It was easy for the (mainly electronic) media to jump on the figures released yesterday by the NZ Transport Agency about SUVs being the market's largest vehicle segment, and assume that the public was leaving big cars and opting for gas guzzlers instead.
In 2011 18,684 SUV units were sold against 16,326 units in 2010, which made the segment grow to 29 per cent of the total.
The fact is, it is more than possible to drop your current large car and opt for an SUV that not only has similar space, but also has a better fuel consumption level and a smaller, not larger, footprint.
Take our traditional large car segment leaders. The six-cylinder Ford Falcon and Holden Commodore offer fuel economy levels of at least 9.9L/100km and 8.9L/100km respectively (larger-engined versions of these cars use more fuel correspondingly).
If the punter whose previous drive was one of these cars, he or she can walk across the Ford or Holden showroom and slide into a seven-seater SUV with more space, similar or better safety ratings (passive or active) and - get this - a lower appetite for fuel.
The Ford owner could drive out in Ford's twin-turbo diesel V6 Territory SUV with an 8.2L/km fuel economy rating, while across town, the Holden fan could take a Holden Captiva, another SUV with up to seven seats, that scores from 6.6L/100km.
The same occurs at the Nissan franchise, where the V6 Maxima owner, used to fuel economy figures in the 10.2L/100km area, can leap into an X-Trail and expect figures in the 6.4L/100km bracket.
The X-Trail doesn't have seven seats, so Mr Maxima might have to opt for the Pathfinder SUV instead, with a 9L/100km rating, still less than what they were used to with their old six-cylinder sedan.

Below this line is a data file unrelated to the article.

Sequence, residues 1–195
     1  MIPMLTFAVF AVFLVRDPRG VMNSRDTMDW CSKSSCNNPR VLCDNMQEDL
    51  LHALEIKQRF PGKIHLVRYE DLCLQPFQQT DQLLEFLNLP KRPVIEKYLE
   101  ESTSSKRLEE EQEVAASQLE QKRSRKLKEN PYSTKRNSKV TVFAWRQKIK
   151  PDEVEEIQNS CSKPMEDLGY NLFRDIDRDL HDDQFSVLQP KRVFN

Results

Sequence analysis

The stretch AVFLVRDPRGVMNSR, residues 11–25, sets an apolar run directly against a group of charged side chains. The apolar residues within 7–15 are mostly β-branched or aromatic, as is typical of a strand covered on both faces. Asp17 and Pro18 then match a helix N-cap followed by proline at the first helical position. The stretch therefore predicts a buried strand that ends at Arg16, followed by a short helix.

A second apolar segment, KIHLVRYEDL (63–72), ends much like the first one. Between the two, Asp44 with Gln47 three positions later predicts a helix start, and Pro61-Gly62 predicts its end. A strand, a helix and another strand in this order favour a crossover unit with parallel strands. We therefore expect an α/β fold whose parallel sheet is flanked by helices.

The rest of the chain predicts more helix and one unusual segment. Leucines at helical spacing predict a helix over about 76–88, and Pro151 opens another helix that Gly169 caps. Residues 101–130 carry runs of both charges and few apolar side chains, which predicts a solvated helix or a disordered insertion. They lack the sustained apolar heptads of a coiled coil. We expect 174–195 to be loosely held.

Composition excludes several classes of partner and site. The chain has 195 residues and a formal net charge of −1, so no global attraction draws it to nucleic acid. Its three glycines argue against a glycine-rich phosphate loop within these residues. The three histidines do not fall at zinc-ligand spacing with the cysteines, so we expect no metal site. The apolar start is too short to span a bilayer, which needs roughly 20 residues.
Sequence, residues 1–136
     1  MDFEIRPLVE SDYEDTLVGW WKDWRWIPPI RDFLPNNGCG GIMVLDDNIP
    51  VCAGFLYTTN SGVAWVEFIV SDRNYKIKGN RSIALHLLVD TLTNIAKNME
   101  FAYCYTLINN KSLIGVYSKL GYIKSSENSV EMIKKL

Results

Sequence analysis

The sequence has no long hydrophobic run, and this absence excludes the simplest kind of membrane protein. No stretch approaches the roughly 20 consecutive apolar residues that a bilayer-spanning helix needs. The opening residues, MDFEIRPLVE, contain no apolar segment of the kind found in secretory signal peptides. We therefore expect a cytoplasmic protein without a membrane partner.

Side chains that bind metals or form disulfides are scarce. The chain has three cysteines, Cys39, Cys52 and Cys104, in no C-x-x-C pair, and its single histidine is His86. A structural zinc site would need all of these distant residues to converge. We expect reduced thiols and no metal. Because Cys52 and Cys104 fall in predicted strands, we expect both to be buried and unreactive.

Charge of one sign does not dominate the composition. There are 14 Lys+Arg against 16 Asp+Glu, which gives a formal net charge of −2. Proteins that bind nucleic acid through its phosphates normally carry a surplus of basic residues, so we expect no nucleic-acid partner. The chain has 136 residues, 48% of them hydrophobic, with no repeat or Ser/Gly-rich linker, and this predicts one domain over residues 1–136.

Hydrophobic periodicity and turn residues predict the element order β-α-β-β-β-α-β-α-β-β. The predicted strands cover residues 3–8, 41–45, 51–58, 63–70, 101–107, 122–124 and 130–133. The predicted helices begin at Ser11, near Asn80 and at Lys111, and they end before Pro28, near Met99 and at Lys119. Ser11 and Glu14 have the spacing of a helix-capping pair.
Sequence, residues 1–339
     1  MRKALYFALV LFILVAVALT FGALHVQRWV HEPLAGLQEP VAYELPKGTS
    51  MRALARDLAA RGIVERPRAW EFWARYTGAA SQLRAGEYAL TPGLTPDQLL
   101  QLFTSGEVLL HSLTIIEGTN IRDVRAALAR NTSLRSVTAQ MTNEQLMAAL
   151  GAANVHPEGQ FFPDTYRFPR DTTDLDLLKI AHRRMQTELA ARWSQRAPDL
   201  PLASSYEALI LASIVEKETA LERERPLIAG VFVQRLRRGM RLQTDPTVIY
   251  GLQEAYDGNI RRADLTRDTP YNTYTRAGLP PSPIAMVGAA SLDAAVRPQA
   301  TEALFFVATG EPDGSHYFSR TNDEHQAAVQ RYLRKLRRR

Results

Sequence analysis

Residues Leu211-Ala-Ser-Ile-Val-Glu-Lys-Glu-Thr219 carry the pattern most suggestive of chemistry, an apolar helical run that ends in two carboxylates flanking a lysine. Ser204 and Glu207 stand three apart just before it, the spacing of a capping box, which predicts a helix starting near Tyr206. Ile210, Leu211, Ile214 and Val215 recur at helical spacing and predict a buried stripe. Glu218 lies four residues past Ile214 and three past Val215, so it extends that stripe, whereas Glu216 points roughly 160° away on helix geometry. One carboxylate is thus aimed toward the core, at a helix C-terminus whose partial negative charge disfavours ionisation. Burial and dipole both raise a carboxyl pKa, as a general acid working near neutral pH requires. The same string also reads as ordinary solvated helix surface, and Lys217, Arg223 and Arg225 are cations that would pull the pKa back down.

The key is that with modern diesels and small-capacity turbopetrol engines, the right choice of SUV often has a smaller carbon footprint than the car of the Green zealot who's about to attach a "Polar Bear Killer" sticker to your vehicle's bumper.
For such people, the cleaner, greener modern SUV or Crossover is an inconvenient truth, just as it was for TV and radio news last night as the usual "Gas Guzzler" and "City Tractor" comments were dusted off for the umpteenth time, upon the release of the NZ Transport Agency's SUV sales figures.
Other inconvenient truths include that most SUVs are shorter than similarly positioned cars and occupy less parking space, and here's one real game-changer: it's possible now to buy a Range Rover Evoque (5.6L/100km and 149g/km) with a smaller consumption/emissions footprint than a Toyota Corolla (7.3L/100km and 171g/km).
So to all intents and purposes, SUV buyers ARE downsizers and unless Holden and Ford offer diesel versions of the Commodore and Falcon, our favourite large cars are all but doomed in the marketplace.
Follow Dave Moore on Twitter - @mooretothepoint
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